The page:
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(12) – Why would a company ever use a periodic inventory system with the availability of modern technology?

Some companies have only a small amount of inventory and the cost of monitoring those amounts should be minimized. Officials for some companies do not expect to make use of inventory data. In that situation, the company has no reason to pay the added cost for a perpetual system if the information will not be used.

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(13) - A company buys inventory for $11 in cash and pays another $2 in transportation to receive the goods. The inventory is then sold for cash of $18. What are the journal entries if a periodic inventory system is used?

Purchases of inventory is debited for $11 and transportation-in is debited for $2. Cash is credited for $13. Then, cash is debited for $18 and sales revenue is credited for the same $18. The purchases of inventory and transportation-in costs are monitored but neither inventory nor cost of goods sold appears in the entries. They are not part of a periodic inventory recording system.

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(14) – A company can use a hybrid system to monitor inventory and its costs. What does that most likely mean?

As in in the previous question, all journal entries are made using a periodic inventory system which is simple and allows the company to monitor various costs. However, the quantity (but not the cost) of inventory and cost of goods sold is recorded using a perpetual system. The company knows how many units are on hand and how many have been sold but does not know the exact cost. This gives the company a considerable amount of information in a relatively cheap system.

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(15) – What is a physical inventory?

A physical inventory is a count of the amount of merchandise that a company currently has on hand. The cost of the individual units can then be applied to this quantity to determine the total cost of these goods.

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(16) – In a periodic inventory system, when is a physical inventory taken?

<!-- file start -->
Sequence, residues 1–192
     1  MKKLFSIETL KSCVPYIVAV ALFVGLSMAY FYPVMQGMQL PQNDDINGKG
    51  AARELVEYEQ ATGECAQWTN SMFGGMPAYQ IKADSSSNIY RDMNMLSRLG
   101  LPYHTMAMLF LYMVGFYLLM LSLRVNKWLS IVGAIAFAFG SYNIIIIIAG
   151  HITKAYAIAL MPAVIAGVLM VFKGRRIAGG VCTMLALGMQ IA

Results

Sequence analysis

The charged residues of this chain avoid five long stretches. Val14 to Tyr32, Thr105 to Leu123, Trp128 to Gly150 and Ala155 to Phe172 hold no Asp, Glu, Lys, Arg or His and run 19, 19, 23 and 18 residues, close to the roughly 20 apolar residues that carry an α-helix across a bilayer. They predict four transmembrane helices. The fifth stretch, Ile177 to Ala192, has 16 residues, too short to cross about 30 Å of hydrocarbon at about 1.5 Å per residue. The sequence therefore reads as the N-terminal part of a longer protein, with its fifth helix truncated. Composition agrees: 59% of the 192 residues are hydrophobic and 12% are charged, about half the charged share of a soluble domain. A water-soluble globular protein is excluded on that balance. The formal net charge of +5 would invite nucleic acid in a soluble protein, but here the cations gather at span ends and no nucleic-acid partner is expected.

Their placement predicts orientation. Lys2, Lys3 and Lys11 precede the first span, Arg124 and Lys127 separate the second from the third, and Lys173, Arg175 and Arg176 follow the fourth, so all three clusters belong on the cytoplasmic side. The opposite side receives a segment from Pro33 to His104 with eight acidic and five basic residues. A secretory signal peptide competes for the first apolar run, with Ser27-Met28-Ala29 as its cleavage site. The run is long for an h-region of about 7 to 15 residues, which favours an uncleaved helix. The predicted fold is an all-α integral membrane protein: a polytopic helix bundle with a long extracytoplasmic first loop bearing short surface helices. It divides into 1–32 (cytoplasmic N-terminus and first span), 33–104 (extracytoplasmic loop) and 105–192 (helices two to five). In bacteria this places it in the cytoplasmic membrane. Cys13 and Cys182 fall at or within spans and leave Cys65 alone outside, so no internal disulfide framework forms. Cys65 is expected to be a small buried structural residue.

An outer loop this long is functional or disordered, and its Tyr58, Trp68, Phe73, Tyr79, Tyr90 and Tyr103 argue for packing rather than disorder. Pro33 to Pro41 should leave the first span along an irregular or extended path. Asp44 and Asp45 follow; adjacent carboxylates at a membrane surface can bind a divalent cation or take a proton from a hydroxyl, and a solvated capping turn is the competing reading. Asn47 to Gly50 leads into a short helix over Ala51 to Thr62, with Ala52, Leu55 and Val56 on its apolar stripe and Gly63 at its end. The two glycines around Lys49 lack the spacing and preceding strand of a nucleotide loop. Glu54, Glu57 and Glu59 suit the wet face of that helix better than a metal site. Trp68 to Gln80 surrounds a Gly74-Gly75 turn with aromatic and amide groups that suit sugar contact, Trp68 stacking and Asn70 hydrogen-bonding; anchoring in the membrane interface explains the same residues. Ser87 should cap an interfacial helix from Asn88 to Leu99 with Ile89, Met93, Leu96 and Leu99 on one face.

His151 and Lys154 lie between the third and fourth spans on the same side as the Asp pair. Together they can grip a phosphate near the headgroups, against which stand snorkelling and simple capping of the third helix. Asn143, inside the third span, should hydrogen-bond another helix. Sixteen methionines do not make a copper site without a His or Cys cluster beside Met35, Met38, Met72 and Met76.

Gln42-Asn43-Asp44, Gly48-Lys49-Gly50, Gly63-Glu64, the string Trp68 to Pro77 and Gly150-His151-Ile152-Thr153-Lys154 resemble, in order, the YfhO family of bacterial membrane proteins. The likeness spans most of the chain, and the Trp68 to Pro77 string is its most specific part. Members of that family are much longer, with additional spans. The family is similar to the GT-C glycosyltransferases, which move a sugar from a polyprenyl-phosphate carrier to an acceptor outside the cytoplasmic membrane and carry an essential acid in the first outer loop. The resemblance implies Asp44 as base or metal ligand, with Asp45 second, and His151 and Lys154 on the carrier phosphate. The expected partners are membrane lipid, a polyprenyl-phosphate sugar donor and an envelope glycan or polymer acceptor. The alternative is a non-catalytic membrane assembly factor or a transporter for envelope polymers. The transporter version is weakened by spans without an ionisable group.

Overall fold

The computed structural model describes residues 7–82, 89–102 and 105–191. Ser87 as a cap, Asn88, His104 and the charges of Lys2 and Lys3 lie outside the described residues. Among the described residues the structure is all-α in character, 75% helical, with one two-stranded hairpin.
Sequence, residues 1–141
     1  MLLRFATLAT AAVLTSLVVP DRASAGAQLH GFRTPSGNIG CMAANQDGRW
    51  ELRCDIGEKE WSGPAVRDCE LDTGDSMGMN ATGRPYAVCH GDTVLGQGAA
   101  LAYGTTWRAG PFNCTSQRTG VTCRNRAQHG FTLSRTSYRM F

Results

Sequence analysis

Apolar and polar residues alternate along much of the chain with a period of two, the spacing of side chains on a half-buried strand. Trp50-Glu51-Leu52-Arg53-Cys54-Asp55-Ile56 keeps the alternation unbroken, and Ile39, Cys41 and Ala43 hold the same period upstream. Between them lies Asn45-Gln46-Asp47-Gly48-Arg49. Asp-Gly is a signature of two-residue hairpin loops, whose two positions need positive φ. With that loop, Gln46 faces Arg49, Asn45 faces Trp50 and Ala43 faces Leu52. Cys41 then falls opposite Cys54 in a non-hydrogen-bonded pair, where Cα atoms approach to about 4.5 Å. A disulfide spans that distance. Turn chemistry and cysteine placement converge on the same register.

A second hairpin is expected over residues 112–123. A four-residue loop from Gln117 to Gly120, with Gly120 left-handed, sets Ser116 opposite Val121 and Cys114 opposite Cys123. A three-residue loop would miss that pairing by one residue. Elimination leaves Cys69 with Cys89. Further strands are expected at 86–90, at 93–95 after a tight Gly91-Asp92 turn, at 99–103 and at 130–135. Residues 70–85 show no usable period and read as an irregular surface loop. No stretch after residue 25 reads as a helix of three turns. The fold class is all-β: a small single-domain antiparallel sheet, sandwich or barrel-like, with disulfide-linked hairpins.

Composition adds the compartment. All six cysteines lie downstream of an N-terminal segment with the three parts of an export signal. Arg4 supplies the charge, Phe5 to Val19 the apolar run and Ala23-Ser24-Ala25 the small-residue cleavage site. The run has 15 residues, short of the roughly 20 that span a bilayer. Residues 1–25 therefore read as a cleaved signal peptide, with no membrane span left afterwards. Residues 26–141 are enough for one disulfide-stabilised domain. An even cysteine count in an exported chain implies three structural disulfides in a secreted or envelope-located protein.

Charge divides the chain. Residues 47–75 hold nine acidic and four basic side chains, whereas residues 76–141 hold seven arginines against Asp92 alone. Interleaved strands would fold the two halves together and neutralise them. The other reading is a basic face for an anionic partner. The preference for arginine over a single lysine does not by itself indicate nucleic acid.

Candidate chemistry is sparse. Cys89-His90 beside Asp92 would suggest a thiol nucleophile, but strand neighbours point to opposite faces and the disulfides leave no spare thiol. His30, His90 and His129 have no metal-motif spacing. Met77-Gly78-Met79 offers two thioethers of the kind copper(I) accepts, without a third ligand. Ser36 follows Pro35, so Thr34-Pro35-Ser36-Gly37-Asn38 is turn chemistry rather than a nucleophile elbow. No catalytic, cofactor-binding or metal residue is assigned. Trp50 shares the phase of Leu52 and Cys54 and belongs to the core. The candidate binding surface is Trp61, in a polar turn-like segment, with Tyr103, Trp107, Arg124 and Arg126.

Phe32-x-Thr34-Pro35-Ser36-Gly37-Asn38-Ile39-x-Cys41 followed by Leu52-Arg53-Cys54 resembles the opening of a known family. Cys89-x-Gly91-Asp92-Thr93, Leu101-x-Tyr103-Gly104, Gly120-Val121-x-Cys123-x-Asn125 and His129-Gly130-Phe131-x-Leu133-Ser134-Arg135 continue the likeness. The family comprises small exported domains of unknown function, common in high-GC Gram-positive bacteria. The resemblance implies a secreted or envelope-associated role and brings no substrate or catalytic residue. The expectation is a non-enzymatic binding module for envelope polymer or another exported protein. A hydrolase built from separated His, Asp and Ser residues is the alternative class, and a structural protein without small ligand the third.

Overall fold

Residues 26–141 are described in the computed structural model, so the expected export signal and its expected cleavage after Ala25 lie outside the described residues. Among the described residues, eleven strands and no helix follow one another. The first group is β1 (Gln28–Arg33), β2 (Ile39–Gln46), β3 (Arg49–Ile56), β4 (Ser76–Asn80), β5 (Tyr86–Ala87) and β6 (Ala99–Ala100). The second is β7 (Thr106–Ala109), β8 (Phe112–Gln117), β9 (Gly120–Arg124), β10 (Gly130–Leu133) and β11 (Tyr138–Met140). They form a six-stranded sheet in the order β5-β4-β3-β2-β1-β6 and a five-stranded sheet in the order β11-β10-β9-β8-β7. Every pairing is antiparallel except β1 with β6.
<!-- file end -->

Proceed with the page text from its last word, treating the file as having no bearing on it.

In a periodic system, the inventory count is traditionally performed on the last day of the fiscal year or within a few days of the end of the year. It is needed to determine inventory on the balance sheet and to calculate cost of goods sold on the income statement.

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(17) – In a perpetual inventory system, when is a physical inventory taken?

In a perpetual system, the balances for inventory and cost of goods sold are already available in T-accounts. A physical count is not urgently needed. The physical inventory is only taken to check the accuracy of those figures. Unless the company has a reason to believe that the records are not appropriately accurate, the company can take the count and adjust the records whenever it is most convenient.

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(18) – In a perpetual system, cost of goods sold is monitored in an ongoing T-account. Every sale changes cost of goods sold right then. How is cost of goods sold determined in a periodic system?

In a periodic system, the company does not attempt to maintain an immediate record of cost of goods sold. Instead, (1) purchase costs are monitored during the period, (2) a physical inventory is taken at or near the end of the year, and (3) cost of goods sold is calculated using a formula. The company does not know its cost of goods sold until this calculation is made.

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(19) – In a periodic inventory system, cost of goods sold is determined using a formula. What is that formula?

The company starts with the cost of its beginning inventory and then adds in all of the current inventory acquisition costs for the new year. The cost of the ending inventory is then subtracted to determine cost of goods sold. This formula is important for reporting inventory: beginning inventory plus the total of inventory purchase costs less ending inventory leaves the cost of goods sold to be reported on the income statement.

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(20) – In the formula to determine cost of goods sold, beginning inventory plus purchase costs less ending inventory, what is actually being calculated?

The calculation determines the cost of the inventory that is missing or gone. Because there is no other information available in a periodic system, the assumption is made that the inventory that is gone has been sold. Thus, companies claim that they are computing cost of goods sold.

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That should give you a good start on our two-chapter coverage of inventory and cost of goods sold. Make sure that you are comfortable with your answers for all of these questions. Run through them occasionally to keep the information fresh in your mind.